The closing day at the 24th Galway Film Fleadh

Good Vibrations had ended Saturday’s viewing at Galway Film Fleadh very nicely a good story of Terri Hooley with music to bring it to life, the theatre audience made up of a lot of crew members it must said, really enjoyed it. Following the screening I headed to Hughes Bar on Market Square to meet up with some theatre people down for the Galway Arts Festival which was starting on Monday. There I met members of Fishamble the new play company and Julian Gough and whose play The Great Goat Bubble was premièring on Monday at The Druid Theatre.  Julian one time member of the band Toasted Heretic told me that he had slept on Terri Hooleys couch a few times in Belfast way back.  I also meet up with some of the cast of Jump were having a quiet drink following the screening of Good Vibrations – the overall view was Good Vibrations deserved to be a success.

Sunday morning came around very quickly I had hoped to see the New Irish Shorts at 9am, but on getting it was raining for the first time since arriving on Friday. With a 15 minute walk into The Town Hall Theatre I decided it was best to wait hoping the rain would ease. Eventually it stopped about 11am and I set off; having missed most of the early morning shorts I decided to have a quick coffee before my first visit to Cinemobile at The Galway Film Fleadh. For those of you who don’t know much about the Cinemobile, its a large truck which transforms into a 100 seater state of the art cinema, fully heated, air conditioned and with Dolby Surround Sound. Mobile cinemas have been in existence in France for over 20 years. This Irish cinema was built in France 2001 has now been touring Ireland since; other mobile cinemas also operate in Scotland and Eastern Europe.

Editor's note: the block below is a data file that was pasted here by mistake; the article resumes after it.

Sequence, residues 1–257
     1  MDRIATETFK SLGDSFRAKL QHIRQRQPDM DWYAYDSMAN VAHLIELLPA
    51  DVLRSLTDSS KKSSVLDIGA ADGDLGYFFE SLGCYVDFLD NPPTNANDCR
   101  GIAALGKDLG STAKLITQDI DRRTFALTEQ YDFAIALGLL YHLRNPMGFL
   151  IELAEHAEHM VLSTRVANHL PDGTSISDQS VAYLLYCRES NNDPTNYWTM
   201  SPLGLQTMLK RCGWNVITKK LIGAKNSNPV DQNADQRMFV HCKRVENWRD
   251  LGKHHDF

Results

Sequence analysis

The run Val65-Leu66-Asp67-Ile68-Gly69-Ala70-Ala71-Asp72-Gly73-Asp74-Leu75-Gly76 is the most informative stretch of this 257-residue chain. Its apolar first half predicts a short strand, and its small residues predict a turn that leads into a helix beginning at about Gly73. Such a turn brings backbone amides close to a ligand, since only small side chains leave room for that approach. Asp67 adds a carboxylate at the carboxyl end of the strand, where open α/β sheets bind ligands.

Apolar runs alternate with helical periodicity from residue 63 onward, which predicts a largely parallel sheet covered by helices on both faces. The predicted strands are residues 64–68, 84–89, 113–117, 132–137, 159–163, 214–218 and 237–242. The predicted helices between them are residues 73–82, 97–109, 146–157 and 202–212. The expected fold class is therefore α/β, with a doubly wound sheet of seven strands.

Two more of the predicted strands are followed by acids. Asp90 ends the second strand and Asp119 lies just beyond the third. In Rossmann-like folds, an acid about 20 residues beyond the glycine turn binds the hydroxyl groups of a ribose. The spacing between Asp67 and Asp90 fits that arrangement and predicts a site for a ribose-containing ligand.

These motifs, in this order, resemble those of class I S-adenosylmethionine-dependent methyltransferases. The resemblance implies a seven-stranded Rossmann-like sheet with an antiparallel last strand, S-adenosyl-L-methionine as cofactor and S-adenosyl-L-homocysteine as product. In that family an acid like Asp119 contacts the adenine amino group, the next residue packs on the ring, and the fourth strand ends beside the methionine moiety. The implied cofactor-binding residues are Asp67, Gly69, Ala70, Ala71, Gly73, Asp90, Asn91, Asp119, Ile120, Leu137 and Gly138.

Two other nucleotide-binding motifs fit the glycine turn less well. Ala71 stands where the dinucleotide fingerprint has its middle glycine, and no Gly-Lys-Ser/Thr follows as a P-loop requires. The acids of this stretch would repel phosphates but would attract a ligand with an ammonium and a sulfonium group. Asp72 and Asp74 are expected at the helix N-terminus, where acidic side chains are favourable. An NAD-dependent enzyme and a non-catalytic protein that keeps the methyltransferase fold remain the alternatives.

The 12 O’clock show was Poorhouse made in 1996 script and directed by Frank Stapleton, produced by Catherine Tiernan. Poorhouse is set in the time of the famine tells the story of a young woman Anna Magee who following a fever was bought to a workhouse, the story is told through the eyes of an old man (Birdy Sweeny) who worked in the Poorhouse.

I have never seen or heard of this film before but the period is of great interest to me.  The cast included Derbhle Crotty as the young girl with the late Birdy Sweeny, Joan O’Hara and Harry Toub and an appearance by Pat Kinevane as a grave digger. The discarded film rushes were discovered outdoors on the Ringsend Peninsula, Dublin restored and re-edited with music set to a haunting score by Brian Conniffe and Suzanne Walsh.  The film depicts the harsh realities of life in a Poorhouse and in particular Anna Magee’s short time there. Shot in County Cavan this was an excellent film I sometime feel Irish society has become so wrapped up in the need for more we have forgotten the suffering, starvation and death the country went through less than 200 years ago. Poorhouse should be shown to every leaving cert class in the country of the harsh realities of that period.

With no much time I cross the road to The Town Hall Theatre again to the New Irish Shorts programme 9 Animation a packed auditorium with a much younger audience this time.  Shown over two sessions there were 13 animation shorts in total, all provided an insight to the level of talent that is coming through Ballyfermot College and . With animation a growing industry worldwide and particularly the level of success and growth in Irish Film, every effort must be made to ensure it and the gaming sector receive great support through changes in section 481.

The animation programme was followed by an interview with Isabelle Huppert by Sean Rocks of RTE’S radio 1 arts programme Arena. Huppert is one of the most enduring and respected French actresses. She began her career appearing Michael Cimino’s epic film Heaven’s Gate in 1980. This is film was of great interest to me as earlier in the year I had recreated the barn for an interactive art installation for artist Brian Duggan in the Visual Arts Centre in Carlow.